By Micheline Hynes
Nutrition Services Manager, Tarrant Area Food Bank

Eating well on a tight budget can be tough—really tough. When you run out of money before the end of the month, it’s tempting to buy cheap, filling foods and pass on more nutritious items that don’t seem to fit the budget quite so well. Often, fruits and vegetables—especially fresh—can seem impossible to afford. Sometimes, it’s just difficult to tell what the best deal at a grocery store really is when it comes to similar foods.

Here are a few helpful strategies that will stretch your dollar:

A Free Resource to Help You Get Started

Check out a fantastic resource that makes eating better on a budget even easier. “Good & Cheap: Eat Well on $4/Day” is a cookbook by Leanne Brown that is full of delicious, low-cost recipes and more. In the book, Leanne first provides tips for eating and shopping well to help people on tight budgets. She wanted to create a resource that would specifically help people living on a SNAP benefits budget.

Leanne’s book includes ideas on shopping strategically (like buying foods that can be used in more than one meal), a list of basics everyone should have in their pantry, what to do with leftovers and other helpful tips. Most importantly, she reminds us to think of adding vegetables to dishes as a way to enhance flavor, rather than just meet our nutrition needs.

The recipes deliver on flavor, too. With recipes as simple as Spicy Green Beans (Page 59), Leanne uses quick and simple cooking methods and some highly flavorful seasoning to make a winning side dish that costs about 65 cents per person. For a main dish, nothing could be easier than the Creamy Zucchini Fettuccine (Page 89). At $3.50 for a dinner that serves three, even an inexpensive boxed mix has a tough time beating the price.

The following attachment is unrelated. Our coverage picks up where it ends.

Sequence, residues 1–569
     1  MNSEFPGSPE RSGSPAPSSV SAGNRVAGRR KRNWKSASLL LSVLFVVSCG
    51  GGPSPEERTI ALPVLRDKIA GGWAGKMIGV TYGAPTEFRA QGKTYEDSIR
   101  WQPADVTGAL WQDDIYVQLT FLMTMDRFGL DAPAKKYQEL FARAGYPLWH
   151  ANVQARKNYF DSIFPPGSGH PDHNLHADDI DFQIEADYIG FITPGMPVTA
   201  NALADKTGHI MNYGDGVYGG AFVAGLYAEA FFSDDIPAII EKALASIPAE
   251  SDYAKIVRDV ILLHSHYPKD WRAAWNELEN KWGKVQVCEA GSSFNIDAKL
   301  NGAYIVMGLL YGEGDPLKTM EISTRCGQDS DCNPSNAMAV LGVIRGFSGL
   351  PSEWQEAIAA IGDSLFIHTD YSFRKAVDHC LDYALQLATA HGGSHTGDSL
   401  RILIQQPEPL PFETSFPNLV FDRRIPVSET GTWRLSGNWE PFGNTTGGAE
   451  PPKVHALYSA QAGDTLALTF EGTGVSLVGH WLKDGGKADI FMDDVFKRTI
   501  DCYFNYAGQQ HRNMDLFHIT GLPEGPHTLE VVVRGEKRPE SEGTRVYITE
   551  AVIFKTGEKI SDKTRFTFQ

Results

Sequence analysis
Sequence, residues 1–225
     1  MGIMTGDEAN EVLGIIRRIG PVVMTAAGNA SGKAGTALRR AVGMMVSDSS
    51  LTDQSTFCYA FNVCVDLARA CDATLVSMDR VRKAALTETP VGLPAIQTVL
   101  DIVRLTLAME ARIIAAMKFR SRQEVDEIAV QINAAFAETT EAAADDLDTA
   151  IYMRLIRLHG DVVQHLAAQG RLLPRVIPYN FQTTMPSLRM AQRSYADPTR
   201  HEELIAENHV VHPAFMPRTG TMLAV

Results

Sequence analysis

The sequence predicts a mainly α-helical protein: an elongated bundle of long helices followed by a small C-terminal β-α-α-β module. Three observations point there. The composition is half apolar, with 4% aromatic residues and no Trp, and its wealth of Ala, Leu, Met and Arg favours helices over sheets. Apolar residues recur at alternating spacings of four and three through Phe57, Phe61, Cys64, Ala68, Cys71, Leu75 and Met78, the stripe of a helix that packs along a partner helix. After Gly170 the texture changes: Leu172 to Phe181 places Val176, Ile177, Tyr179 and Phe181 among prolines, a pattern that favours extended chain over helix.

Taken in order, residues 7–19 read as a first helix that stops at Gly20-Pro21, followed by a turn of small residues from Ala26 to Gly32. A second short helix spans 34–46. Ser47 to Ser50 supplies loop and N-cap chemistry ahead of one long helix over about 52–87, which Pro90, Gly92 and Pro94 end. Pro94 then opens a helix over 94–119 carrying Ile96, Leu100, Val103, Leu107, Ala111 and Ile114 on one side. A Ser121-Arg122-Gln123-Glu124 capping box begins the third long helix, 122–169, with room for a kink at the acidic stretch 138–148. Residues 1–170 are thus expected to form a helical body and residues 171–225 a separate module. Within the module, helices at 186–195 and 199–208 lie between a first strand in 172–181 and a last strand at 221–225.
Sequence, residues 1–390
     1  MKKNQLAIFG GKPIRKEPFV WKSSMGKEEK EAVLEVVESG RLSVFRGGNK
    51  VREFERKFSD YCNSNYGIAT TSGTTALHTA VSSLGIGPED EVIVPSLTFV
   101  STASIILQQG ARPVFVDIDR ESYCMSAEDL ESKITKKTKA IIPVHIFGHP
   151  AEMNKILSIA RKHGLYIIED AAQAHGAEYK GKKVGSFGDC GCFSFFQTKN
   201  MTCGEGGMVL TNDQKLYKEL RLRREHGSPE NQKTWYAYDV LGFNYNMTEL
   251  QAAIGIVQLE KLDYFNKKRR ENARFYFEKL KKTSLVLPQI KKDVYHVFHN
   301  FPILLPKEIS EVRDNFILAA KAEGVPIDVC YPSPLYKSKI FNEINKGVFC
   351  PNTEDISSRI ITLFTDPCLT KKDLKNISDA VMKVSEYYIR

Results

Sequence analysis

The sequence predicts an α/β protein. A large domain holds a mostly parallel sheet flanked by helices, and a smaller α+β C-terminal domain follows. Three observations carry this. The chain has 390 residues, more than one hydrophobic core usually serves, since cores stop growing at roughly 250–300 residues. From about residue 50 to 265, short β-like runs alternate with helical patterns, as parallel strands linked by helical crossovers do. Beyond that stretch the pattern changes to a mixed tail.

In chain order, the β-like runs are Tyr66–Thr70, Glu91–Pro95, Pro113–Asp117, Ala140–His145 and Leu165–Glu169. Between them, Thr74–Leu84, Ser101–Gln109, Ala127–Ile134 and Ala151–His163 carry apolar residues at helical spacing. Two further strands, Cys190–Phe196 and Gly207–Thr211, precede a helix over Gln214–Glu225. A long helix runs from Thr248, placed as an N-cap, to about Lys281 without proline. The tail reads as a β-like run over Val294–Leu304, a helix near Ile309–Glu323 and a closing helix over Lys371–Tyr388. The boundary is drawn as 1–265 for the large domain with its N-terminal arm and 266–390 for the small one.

Many of the recipes pull from a variety of cultural traditions, so there’s no chance of getting bored with the same old meals all the time. The book includes Southern favorites alongside Indian, German, Italian, a variety of Asian dishes and more.

Right now, take a moment to download your free copy of the book. After looking through just a few of the recipes and strategies in the book, you will likely feel inspired and ready to start cooking. If you’re not that comfortable in the kitchen yet, I suggest starting with the Roast Chicken recipe on page 121 and the Roasted Vegetables recipe on page 122. They’re both simple and the vegetable recipe gives you the chance to use what you have on hand already. You could even roast them together in the same pan.

How Tarrant Area Food Bank Can Help

If you’d like some help getting comfortable in the kitchen, TAFB offers Cooking Matters, a hands-on cooking-based nutrition class. Find our schedule on our Cooking Matters page. We also offer free gardening classes that will help you get your garden going. Find out more on our Community Garden page.

Most importantly, if you’re having a hard time getting food on the table, we’d like to help you. Tarrant Area Food Bank’s Social Services Specialists help families and individuals apply for food assistance, financial assistance and healthcare. You can also call us at 1-866-430-6143 for help with applying for assistance programs.

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